The rooster is black and white.
I fed the chickens !  I've never fed chickens before.  What a funny bunch they are.  One of Susan's chickens turned out to be a rooster.  In the mornings when I let them out of the hen house,  he immediately announced to the world "get the day started". 


Next up, trails...

Life in Moab can be exhilarating and adventurous.  In between appointments here and in Grand Junction, we have managed to get in 6 trails which includes a sunset run on Hells Revenge.  Friends from Saskatchewan arrived the second week in August.  We first met these enthusiastic and relentless trail warriors in Aug 2017 and are already looking forward to their return in 2019.
Dee followed by Marc and Janelle, Kelsie and Scott, and us.
Joe and WileE have some "flexy" going on in The Pickle.

Janelle snapped a photo of us climbing out of the Gravy Boat on Mashed Potatoes Trail. 
Dee caught us climbing Escalator on Hells Revenge.  Thank you Rory for the spot!

Sunset on Hells Revenge

And last, the area...

The area around Moab offers lots of opportunities for exploring.  I love exploring !  One morning Scott and Chris invited us to follow along to scout out the Abajo Mountains...locally known as the Blue Mountains.  It's a small mountain range west of Monticello and north of Blanding.  The highest point is Abajo Peak at 11,362 ft was our destination.   We hooked up to a trail in Monticello rode the peak and came out in Blanding...a very delightful 55 to 60 miles.  It was a wonderfully clear day with blue skies and  a good 10 to 15 degrees cooler than Moab.

One morning on the way to City Market, we took the long way through Arches NP.  It's such a nice we never tire of.

Moab Friends For Wheeling planned a rock art tour for Labor Day.  Our first stop was The Grotto.  The Moab Grotto Pictographs are a collection of rock art hidden inside a slot canyon.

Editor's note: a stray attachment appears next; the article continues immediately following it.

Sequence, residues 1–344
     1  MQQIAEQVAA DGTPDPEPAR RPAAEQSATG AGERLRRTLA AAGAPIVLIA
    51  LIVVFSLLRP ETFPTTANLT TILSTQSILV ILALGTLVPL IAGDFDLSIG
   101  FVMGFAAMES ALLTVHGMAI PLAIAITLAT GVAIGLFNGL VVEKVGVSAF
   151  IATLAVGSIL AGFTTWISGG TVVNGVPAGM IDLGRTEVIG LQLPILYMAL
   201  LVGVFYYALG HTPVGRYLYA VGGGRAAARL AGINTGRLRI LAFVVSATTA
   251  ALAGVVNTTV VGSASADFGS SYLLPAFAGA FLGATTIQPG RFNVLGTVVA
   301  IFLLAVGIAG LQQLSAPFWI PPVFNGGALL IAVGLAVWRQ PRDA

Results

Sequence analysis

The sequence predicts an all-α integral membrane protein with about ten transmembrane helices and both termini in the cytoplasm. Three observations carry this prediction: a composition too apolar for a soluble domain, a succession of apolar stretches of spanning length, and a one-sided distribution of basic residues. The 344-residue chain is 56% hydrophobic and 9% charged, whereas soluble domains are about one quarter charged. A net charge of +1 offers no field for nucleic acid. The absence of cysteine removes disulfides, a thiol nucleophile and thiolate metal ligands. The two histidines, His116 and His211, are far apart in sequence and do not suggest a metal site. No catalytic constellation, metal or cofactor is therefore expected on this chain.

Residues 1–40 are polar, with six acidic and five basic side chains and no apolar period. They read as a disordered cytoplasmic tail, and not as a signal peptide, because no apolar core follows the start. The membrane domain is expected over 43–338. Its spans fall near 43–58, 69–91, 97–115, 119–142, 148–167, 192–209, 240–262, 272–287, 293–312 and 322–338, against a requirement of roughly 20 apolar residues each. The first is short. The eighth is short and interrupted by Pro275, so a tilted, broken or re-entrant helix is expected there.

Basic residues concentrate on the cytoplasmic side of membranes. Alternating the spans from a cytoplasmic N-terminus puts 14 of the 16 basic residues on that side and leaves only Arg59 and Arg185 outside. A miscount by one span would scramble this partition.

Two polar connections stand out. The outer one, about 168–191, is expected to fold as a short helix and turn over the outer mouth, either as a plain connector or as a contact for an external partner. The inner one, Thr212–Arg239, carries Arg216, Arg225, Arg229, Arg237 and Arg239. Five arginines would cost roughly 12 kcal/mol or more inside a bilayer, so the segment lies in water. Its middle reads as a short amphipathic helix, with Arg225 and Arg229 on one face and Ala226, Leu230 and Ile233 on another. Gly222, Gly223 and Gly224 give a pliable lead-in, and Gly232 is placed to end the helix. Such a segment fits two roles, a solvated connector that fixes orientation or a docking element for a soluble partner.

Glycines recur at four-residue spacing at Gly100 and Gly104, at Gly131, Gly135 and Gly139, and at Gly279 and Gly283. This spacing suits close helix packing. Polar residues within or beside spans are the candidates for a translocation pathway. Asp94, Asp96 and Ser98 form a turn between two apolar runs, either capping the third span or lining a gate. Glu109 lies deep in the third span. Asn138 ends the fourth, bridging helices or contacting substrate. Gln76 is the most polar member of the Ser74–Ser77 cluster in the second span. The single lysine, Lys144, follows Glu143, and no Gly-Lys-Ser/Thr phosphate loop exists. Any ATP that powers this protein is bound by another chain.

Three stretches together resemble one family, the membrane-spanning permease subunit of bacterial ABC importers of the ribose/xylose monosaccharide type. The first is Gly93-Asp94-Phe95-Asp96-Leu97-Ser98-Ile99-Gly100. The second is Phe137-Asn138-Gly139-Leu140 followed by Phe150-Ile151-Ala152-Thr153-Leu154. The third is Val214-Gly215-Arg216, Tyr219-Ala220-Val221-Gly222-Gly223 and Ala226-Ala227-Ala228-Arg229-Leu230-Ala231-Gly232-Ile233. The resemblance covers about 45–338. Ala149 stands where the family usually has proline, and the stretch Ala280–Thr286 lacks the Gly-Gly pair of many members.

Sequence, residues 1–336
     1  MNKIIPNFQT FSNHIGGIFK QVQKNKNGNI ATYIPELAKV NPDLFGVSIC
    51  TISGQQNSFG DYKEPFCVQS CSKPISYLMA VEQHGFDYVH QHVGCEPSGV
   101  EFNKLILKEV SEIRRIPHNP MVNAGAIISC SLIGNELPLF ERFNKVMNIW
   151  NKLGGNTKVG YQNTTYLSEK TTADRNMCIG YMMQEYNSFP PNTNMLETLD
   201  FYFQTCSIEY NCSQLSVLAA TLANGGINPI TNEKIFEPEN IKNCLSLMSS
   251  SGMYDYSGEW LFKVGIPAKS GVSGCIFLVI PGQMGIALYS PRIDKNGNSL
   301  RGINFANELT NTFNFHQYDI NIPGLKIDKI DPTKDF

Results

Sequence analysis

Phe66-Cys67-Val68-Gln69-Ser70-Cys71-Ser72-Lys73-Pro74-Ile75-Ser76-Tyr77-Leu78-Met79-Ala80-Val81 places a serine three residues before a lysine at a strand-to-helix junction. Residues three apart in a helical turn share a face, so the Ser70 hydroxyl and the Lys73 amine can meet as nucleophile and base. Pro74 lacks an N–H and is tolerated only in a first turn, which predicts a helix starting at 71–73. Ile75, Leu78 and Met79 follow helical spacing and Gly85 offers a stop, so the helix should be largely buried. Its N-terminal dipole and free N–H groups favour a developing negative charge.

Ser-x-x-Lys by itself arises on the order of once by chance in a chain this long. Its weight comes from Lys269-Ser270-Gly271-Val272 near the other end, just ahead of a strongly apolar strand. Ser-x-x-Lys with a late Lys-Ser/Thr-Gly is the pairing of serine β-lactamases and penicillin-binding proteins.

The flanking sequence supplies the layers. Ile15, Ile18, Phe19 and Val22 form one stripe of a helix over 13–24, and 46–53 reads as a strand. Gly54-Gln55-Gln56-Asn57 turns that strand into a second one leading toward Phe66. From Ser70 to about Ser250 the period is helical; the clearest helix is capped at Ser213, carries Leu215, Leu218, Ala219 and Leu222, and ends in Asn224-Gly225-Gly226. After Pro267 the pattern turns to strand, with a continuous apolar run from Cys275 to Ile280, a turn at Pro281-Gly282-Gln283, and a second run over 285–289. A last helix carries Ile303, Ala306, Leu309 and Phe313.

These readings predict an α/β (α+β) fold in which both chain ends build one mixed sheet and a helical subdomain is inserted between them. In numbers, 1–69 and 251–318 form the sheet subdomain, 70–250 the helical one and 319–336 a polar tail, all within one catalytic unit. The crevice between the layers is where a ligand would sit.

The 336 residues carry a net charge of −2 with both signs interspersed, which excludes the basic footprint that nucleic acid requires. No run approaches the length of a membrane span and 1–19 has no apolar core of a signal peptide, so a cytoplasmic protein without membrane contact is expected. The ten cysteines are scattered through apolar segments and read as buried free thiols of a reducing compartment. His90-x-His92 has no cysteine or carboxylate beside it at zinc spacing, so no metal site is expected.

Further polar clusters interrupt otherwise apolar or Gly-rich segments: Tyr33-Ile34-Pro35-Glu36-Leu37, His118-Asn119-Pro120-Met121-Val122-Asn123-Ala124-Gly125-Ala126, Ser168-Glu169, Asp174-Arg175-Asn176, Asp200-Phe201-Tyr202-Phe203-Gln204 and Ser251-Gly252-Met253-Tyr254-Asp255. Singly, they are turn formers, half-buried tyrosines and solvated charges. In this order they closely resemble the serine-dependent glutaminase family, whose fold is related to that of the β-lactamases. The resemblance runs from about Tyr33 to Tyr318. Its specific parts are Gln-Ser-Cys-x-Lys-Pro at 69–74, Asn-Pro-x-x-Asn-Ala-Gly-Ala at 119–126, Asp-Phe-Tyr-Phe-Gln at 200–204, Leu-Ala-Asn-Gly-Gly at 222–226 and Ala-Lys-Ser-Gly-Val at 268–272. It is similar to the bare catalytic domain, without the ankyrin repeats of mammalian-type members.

Melissa, Joe and Ginny in The Grotto

Grotto pictographs

It is a short walk from the parking area to The Grotto.  On the way back we stopped at another panel located nearby.  The art is on the under side of an overhang.

Ginny and Dee

 We took Rainbow Terrace back to Hwy 313. 

There are a lot of manganese outcroppings on Rainbow Terrace.  Due to wind and rain, the desert sand shifts to expose these tubes.  

Most manganese ores come from extensive manganese-rich sediment rocks that formed in ancient oceans.  So cool !

We also saw a section of a cliff wall that recently had rocks sheared off.  

 Back on Hwy 313, we made a quick stop to see Intestine Man.

I see a story of a man mauled by a bear and dies...notice the wings.  The bottom picture shows a large bear claw.

Next, we made a turn off Hwy 313 into a canyon.  We stopped at a few more sites.  

At the bottom of the pour off is a panel of petroglyphs.

At another stop, there was a really clear and well preserved pictograph under an overhang...

 ...along with some others that were more faded.

Melissa points out a very skinny animal (we think a dog) next to a rather round figure.

There were a couple more panels in the canyon... each had a single figure.    

This turned out to be a longer post than I had planned.  I didn't realize we have been so busy.  So, until next time...